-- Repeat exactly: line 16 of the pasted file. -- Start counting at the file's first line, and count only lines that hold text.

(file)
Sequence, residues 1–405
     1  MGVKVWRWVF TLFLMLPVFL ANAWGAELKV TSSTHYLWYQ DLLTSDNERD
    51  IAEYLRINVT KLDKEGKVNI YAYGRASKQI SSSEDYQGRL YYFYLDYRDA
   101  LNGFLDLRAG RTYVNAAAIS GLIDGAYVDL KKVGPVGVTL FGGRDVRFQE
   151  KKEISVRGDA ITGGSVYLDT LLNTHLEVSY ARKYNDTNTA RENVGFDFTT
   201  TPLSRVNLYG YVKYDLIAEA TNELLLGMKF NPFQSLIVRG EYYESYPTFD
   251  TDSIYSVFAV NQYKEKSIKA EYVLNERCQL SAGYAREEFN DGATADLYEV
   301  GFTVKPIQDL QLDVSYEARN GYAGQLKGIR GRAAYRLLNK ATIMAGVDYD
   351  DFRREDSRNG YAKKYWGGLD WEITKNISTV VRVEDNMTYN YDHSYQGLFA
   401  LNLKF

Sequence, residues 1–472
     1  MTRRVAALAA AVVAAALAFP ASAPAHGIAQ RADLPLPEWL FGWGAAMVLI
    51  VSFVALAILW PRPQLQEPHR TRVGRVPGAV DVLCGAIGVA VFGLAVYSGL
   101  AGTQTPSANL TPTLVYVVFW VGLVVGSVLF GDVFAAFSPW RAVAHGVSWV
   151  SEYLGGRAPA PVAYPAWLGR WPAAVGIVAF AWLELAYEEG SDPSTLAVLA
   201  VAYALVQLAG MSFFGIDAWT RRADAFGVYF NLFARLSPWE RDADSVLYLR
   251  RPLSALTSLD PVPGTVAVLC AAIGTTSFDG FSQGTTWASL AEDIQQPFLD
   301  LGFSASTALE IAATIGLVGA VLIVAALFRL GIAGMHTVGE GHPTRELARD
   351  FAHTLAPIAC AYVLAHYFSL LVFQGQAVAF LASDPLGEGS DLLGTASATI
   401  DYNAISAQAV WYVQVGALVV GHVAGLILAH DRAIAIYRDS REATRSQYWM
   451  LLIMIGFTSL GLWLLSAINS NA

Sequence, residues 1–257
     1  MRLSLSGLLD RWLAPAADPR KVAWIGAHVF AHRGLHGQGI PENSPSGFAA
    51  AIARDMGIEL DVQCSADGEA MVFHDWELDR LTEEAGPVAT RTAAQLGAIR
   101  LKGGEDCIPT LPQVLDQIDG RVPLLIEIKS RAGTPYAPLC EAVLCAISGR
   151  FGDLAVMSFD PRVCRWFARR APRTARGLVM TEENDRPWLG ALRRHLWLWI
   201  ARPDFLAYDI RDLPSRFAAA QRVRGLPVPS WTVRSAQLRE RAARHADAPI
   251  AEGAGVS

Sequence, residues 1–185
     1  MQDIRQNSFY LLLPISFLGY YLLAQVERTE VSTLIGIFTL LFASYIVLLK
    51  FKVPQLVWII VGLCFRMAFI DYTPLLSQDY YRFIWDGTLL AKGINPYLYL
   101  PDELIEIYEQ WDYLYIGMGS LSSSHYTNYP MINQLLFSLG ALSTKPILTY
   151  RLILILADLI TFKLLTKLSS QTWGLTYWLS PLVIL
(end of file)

   201  VAYALVQLAG MSFFGIDAWT RRADAFGVYF NLFARLSPWE RDADSVLYLR